Tuesday 15 October 2019

Why indeed

Why should Boris kowtow to biased BBC presenters who say that he's a 'dictator'?
That, of course, refers specifically to Nick Robinson, who said on Sunday of Boris Facebook 'People's PMQs', "And they say that’s democracy. It ain’t democracy. It is a form of propaganda used by dictators down the ages."

The Telegraph piece by Robin Aitken puts Nick's "jibe" down to "pique": 
Johnson has found a way to communicate with voters without subjecting himself to interrogation by the likes of Robinson and his ilk and they can't stand it. 
He continues:
If Mr Johnson had agreed to all the interview requests the BBC has made in recent weeks what would have been achieved? Would any of us be much clearer about the government's intentions? Would the country be any more united behind what the government is proposing? I think I can confidently answer all those questions in the negative. 
What we would have been treated to would have been a series of hostile interviews in which Robinson – or some other tribune of the people – would have tried to embarrass the Prime Minister and trip him up. He would have been pressed over and over with questions impossible to answer. 
A few weeks ago, for instance, Today presenters repeatedly challenged government ministers by saying that the EU had ruled out any possibility of re-opening negotiations on the terms of our departure, therefore why was the government proposing changes? The EU's position was stated as an unchallengeable matter of fact to which there could be no adequate answer. Ministers facing this question sounded either evasive or stupid, and yet, here we are a few weeks later, having that very renegotiation.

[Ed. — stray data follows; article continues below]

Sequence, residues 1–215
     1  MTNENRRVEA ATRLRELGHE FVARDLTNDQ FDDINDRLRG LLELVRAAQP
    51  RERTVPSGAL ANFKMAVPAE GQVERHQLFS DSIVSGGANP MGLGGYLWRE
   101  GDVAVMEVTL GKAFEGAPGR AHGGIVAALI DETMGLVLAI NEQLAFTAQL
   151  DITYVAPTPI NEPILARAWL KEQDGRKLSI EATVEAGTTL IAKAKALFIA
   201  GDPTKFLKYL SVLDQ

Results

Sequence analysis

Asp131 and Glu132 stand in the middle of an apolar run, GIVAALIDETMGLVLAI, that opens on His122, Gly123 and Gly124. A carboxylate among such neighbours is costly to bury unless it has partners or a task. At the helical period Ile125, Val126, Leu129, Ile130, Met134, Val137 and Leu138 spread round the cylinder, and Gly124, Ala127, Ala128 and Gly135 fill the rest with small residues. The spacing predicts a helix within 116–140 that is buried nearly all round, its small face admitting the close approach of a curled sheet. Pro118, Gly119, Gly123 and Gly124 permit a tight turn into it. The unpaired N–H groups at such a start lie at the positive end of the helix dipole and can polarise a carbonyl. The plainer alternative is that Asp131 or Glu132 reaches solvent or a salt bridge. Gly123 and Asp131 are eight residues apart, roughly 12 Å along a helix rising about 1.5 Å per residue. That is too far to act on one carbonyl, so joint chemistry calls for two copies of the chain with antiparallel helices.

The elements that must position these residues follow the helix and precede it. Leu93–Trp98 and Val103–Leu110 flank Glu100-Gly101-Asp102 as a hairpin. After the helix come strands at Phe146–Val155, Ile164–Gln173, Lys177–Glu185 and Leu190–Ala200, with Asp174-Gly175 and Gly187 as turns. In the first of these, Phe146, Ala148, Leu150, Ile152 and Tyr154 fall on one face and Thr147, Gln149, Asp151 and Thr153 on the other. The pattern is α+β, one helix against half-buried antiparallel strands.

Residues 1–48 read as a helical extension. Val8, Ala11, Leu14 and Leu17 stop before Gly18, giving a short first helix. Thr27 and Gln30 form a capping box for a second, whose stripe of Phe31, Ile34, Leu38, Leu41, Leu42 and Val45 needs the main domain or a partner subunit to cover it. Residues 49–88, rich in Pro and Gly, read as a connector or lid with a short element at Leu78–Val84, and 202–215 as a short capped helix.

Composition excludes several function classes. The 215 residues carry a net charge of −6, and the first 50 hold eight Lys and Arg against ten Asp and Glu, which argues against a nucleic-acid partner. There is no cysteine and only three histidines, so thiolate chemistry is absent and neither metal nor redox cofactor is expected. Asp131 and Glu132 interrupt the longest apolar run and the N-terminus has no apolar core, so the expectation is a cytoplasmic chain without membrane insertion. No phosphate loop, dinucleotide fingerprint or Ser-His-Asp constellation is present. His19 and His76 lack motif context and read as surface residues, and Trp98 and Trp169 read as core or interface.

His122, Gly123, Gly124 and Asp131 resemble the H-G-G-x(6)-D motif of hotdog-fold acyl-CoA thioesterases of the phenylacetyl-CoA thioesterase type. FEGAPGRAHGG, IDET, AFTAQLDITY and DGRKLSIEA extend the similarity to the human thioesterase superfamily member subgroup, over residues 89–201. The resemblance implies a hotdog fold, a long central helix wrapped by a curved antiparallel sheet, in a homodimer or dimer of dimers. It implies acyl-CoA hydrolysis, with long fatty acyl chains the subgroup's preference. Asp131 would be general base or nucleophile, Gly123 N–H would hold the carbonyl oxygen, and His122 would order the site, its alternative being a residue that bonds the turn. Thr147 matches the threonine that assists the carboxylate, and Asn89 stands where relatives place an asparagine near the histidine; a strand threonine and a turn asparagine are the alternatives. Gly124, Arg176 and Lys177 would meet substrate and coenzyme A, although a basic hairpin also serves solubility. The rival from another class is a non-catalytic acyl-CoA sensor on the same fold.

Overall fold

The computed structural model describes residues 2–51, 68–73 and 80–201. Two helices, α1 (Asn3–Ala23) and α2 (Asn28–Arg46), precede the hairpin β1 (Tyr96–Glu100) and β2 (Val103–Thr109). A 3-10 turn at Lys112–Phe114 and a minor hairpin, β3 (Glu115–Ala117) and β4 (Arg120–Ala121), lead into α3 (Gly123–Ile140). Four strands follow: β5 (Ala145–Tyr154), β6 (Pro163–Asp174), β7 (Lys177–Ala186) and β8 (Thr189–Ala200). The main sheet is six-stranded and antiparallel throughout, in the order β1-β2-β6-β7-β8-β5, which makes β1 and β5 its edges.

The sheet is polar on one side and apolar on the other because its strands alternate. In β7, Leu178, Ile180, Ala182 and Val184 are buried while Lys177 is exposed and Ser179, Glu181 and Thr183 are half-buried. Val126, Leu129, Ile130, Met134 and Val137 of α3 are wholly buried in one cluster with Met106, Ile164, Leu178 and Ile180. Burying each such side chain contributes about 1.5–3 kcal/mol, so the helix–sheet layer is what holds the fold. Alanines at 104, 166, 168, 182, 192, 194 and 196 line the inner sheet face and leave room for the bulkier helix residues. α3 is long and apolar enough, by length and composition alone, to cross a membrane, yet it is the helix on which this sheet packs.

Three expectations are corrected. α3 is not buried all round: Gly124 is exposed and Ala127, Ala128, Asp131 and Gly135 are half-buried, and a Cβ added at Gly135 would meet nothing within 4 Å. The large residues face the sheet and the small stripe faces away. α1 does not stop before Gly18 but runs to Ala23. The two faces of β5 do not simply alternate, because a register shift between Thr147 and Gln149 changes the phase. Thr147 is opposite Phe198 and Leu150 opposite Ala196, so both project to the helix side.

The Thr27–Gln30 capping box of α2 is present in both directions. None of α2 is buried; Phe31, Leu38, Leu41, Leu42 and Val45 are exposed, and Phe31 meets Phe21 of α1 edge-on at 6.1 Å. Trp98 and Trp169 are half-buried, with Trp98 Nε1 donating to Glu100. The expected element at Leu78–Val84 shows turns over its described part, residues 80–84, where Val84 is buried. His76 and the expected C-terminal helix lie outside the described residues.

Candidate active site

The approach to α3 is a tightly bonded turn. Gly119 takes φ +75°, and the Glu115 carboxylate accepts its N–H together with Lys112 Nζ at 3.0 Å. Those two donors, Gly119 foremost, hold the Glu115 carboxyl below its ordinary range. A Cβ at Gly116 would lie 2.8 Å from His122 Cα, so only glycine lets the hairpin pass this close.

Fair points, I'd say.


  1. If the BBC always snipes, denigrates, sneers, and interrupts Boris, he is right to boycott it. Today increasingly says a government minister/spokesman was unavailable - as if these BBC types expect a government person to be summoned to refute or comment on their biased reports.

    The more the BBC behaves as if its reporters have some kind of right to summon government ministers to answer to them, the more resistant ministers should be. The BBC isn't Parliament, and ministers answer to Parliament, and the BBC can report what they say, rather than makes them repeat themselves and be interrogated with snide and often petty questions which are not relevant to the issues.

  2. It's all to do with the BBC's mantra 'holding Ministers / government to account', decking itself out in the noble mantle of the press - and reporters such Robinson - as 'the fourth estate'. Robinson and his BBC pals fervently believe or in some cases, I suspect, pretend to believe that is what they are doing.

  3. More than fair! Bang on!!

    I have remarked numerous times on the refusal of BBC newsfolk to even countenance the notion that EU leaders might occasionally lie, or game situations or adopt insincere negotiating ploys. Robin Aitken provides proof positive of this: the BBC took as gospel the EU's insistence it couldn't re-open negotiations. When ministers pointed out that "they would say that wouldn't they?" they were accused of being fantasists, irresponsible and not sincere in their wish to negotiate.

  4. The self-regard of BBC hacks like Robinson and his colleagues has been off the scale for a very long time. It is an interesting take on the term “dictatorship” in which the public are compelled by law to pay for their version of events. At least the print press are open about their bias.


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